What to Do About Ear Infections
The high parental satisfaction with the eardrop treatment is important. "Parents want to walk away with a prescription in their hands," says Carvalho. "The thing is, if parents didn't want something they wouldn't come in really, because often it involves a wait in the waiting room. And if they come away with nothing they think, 'What did I come here for?'"
Pediatric ear, nose, and throat specialist Steven Handler, MD, agrees. "The U.S. has developed a culture of people who, when they go to the doctor's office, demand an antibiotic. Doctors who don't give an antibiotic are sometimes made to feel that they haven't done anything, but sometimes making the diagnosis and giving them information even though they don't need an antibiotic is very helpful," says Handler.
"We advocate, in some of the cases, that if the ears don't look that badly infected, and the kid is not that symptomatic, just him give Tylenol or Motrin," he says, noting that the pain-reliever will help the child handle the pain. Handler is associate director of pediatric otolaryngology at the Children's Hospital of Philadelphia, and a professor of otolaryngology/head and neck surgery at the University of Pennsylvania School of Medicine in Philadelphia.
But all three doctors agree there are times when a child does need an antibiotic to battle an ear infection.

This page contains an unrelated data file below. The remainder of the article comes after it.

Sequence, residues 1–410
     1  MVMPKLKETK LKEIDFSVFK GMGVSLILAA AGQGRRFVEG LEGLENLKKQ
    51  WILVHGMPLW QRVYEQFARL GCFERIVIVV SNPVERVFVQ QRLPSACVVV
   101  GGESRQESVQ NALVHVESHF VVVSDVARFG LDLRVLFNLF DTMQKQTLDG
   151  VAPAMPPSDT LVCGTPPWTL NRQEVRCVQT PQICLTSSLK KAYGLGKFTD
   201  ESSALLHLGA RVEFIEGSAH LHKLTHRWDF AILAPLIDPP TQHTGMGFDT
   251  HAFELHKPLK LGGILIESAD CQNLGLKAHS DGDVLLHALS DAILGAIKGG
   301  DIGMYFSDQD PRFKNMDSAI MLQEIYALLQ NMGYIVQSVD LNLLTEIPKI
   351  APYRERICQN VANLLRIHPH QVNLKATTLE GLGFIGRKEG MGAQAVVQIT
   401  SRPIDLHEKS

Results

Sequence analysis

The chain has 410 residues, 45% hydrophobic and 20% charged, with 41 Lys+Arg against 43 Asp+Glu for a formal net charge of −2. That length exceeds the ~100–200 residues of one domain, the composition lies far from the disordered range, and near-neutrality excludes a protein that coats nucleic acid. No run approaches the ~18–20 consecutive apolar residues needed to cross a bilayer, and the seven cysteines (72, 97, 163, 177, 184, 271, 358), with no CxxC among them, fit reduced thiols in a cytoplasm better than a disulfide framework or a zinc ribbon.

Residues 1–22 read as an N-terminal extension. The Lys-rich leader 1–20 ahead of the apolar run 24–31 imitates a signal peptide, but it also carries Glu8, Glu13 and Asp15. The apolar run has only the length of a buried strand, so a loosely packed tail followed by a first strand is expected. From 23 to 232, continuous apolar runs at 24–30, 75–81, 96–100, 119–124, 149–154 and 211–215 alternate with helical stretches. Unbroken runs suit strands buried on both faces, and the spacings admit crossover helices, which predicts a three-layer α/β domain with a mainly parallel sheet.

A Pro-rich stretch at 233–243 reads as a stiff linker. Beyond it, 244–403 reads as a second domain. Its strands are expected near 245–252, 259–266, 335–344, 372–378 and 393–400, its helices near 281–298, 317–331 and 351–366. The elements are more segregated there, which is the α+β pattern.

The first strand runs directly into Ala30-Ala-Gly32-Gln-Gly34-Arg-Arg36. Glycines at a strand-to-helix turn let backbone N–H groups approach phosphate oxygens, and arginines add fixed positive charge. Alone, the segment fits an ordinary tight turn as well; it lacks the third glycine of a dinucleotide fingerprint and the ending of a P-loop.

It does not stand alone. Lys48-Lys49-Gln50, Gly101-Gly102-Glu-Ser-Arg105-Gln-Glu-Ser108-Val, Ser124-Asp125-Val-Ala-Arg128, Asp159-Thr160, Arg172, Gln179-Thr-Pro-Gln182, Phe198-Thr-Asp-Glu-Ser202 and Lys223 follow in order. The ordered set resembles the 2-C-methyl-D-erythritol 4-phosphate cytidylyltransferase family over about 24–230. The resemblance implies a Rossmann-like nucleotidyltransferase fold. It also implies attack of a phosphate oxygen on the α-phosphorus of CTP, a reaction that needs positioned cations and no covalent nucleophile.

"What you don't want is to be in a situation where you say don't give antibiotics, and a child develops a complication, like mastoiditis," when the infection spreads from the ear into the mastoid bone, which is part of the skull bones, says Handler. "That is where you have a problem ... and those are the situations that can be very dangerous. So it is not that no child should be treated with antibiotics, but [doctors] ought to be cautious."
Matz says that children who do not get better after 2-3 days -- who are still complaining about the pain and who have a fever -- and children under 2 (because they are believed to be at higher risk of complications), should be treated with antibiotics.
Parents should follow their child carefully. "A parent has to be assessing the child's overall activity level and fever," says Handler. "How is the child doing? How is the child sleeping, eating, and playing? Those are the kinds of things you have to look for. If the child is not any better in two to three days, go ahead and give the antibiotic."